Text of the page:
A cyber attack in November that severely affected Tri-City’s operations for a week did not help. And, Maysent added, it has taken time for analysts to fully understand the state of its finances and the hospital’s physical plant.

“We had to do a review of the facilities and get not just planning but also costing information for what the facility needs, and not just for seismic (repairs) but also just general facility upgrades,” Maysent said. “This is the case with all of these distressed hospitals. They’ve stopped making investments in the infrastructure a long time ago because it’s the first thing you stop doing when you’ve got to make payroll.”

Tri-City has seen a gradual erosion of its capabilities due to ongoing budget difficulties, closing its psychiatric unit in 2018 citing the expense of federally mandated upgrades, and suspending its maternity unit in 2023 when several local community clinics shifted their business to Palomar Health. Like all stand-alone hospitals, Tri-City lost employees during the fierce post-pandemic competition for licensed medical providers, finding itself hiring expensive “traveler” nurses and other specialists to backfill its workforce even as inflation pushed the cost of supplies and drugs ever higher.

With its financial reserves dwindling, Tri-City’s board requested proposals from full-service health care systems in mid-2023, receiving proposals from UCSD and Sharp HealthCare. Its latest financial statement shows that it has been an extremely rough fiscal year. From July through December, a recent financial report shows that Tri-City’s operations lost between $2.9 million and $5.8 million per month, adding up to a $24.6 million loss for the year so far.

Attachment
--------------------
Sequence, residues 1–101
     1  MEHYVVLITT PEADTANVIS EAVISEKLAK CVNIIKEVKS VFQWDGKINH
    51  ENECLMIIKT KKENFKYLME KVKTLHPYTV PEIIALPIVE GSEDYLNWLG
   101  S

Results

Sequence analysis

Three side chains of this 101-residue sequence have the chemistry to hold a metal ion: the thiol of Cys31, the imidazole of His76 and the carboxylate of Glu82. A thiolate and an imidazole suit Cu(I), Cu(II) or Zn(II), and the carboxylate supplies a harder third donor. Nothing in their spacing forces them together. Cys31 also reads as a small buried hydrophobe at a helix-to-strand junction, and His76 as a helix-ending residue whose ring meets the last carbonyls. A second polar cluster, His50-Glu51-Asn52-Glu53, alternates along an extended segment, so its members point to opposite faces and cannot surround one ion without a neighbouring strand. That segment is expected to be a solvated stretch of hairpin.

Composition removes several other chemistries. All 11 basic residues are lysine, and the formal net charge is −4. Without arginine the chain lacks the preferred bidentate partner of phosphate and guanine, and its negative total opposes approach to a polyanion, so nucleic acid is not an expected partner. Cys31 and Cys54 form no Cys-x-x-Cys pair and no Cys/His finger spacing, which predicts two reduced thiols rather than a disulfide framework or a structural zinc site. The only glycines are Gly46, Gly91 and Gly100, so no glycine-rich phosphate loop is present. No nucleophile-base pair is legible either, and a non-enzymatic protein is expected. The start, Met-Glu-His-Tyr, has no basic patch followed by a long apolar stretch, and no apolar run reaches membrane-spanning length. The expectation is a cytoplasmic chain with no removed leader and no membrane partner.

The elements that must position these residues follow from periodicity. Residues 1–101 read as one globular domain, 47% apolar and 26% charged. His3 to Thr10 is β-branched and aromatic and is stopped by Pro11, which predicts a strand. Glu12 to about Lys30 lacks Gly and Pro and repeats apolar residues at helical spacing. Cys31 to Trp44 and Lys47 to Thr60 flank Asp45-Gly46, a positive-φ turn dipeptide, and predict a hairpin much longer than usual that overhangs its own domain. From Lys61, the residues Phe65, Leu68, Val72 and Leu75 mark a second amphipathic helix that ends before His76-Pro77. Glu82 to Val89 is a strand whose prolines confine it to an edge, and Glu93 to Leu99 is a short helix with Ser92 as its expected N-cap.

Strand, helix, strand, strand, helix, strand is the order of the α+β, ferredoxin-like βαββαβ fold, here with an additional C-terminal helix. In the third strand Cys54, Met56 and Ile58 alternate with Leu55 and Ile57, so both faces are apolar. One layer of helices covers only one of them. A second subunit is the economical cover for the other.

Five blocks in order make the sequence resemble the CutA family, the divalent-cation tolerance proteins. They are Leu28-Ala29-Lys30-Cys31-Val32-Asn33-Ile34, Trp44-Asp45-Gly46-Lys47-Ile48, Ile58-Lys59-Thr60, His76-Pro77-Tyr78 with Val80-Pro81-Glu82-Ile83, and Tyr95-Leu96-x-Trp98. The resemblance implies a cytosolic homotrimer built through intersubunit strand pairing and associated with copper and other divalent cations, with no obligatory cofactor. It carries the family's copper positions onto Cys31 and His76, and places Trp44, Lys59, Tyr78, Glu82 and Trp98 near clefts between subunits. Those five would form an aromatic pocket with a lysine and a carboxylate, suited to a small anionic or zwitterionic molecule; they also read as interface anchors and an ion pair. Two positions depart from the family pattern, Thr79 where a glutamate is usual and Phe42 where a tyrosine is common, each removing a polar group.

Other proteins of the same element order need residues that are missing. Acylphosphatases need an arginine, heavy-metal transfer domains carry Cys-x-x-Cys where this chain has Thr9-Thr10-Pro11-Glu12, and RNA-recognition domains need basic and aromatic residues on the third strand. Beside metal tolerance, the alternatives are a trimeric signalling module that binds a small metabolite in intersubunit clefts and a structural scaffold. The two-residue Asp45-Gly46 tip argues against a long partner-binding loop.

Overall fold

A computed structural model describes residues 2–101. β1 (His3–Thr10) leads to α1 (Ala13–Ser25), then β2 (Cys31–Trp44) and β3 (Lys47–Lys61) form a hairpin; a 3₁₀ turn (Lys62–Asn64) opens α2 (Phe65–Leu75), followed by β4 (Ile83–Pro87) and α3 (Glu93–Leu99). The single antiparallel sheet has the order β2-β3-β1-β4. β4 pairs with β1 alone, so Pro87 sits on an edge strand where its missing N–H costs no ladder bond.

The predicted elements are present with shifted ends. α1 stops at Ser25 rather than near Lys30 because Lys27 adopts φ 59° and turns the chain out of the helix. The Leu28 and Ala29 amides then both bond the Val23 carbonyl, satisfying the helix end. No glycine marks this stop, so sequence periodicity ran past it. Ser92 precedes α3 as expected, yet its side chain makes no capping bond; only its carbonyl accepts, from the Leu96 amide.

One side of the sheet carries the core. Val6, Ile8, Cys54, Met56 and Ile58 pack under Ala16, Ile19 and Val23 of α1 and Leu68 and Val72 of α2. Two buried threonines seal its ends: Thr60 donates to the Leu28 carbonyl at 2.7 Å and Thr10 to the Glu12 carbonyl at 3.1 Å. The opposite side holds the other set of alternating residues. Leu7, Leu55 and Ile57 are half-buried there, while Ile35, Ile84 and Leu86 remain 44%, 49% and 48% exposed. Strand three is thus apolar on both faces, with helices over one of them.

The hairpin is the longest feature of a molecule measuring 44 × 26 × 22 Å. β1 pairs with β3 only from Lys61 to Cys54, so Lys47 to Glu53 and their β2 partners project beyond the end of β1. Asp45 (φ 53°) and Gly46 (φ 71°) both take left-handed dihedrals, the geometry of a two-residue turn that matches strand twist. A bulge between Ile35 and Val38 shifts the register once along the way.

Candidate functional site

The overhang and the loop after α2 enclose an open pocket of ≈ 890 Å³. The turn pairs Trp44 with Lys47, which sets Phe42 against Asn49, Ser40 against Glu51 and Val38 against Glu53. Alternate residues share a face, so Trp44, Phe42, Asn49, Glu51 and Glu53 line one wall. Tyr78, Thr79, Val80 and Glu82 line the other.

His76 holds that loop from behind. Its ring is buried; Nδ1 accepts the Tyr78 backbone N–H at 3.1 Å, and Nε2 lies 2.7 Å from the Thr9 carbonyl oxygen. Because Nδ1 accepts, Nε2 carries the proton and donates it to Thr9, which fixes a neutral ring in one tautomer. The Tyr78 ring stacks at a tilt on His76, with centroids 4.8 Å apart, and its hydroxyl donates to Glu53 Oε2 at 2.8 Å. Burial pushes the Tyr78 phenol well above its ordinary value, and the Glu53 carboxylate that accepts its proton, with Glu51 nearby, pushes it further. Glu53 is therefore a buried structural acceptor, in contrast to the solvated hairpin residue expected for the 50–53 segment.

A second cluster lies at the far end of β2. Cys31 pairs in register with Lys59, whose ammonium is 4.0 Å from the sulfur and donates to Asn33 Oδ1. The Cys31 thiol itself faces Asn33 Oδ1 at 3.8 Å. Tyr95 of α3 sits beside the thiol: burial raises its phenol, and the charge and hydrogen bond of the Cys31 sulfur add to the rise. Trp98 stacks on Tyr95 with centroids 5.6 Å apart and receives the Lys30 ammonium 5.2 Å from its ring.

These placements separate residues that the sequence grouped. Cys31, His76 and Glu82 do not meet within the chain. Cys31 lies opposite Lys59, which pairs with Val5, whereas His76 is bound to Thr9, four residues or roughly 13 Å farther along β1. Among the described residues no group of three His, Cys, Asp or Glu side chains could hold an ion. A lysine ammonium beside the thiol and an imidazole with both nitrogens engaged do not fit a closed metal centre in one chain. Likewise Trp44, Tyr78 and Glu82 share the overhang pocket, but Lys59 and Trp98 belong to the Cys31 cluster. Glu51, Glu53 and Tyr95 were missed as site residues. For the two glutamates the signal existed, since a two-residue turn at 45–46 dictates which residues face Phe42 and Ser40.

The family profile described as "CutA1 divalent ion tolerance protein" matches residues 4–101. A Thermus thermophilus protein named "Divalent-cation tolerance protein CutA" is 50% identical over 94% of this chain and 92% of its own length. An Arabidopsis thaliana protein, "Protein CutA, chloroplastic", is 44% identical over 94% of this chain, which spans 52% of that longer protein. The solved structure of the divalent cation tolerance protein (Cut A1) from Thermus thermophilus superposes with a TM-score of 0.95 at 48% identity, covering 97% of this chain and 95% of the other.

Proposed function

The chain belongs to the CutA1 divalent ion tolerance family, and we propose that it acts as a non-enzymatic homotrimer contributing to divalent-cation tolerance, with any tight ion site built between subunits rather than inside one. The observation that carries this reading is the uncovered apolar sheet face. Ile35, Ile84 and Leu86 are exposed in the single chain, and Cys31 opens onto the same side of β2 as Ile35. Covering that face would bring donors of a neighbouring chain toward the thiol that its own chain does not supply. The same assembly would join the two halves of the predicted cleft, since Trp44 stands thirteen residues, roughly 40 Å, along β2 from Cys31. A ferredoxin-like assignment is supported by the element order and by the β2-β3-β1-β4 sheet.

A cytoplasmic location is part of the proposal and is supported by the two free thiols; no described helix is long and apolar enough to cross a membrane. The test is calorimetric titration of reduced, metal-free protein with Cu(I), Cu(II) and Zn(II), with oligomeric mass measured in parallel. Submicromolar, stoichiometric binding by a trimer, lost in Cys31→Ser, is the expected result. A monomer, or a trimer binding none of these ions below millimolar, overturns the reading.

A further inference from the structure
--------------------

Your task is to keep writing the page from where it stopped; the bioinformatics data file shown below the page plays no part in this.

However, results in January and February look better, with revenue exceeding expenses by about $1.5 million.

Dr. Gene Ma, Tri-City’s chief executive officer, said the start of 2024 is the first time in at least two years that the hospital has had a positive margin in two consecutive months.

“I think March is going to be similar,” Ma said. “I don’t know that people expect us to turn around this quickly and have a cash-flowing organization at this point.”

The executive said he believes a turnaround is underway while acknowledging that many will remain skeptical until a longer-term trend is visible in monthly financial reports. He said that recent positive results, preceded as they were by such a long period of red ink, spurred a fresh round of financial analysis from UCSD, contributing to a longer-than-anticipated due diligence period.

“They sent a team to dive into our financials and make sure that they were spot on, no inconsistencies, that our forecasts for the rest of the year looked good,” Ma said. “They found that we didn’t make assumptions that they disagreed with, and they were able to validate that we’re hitting all of our targets.”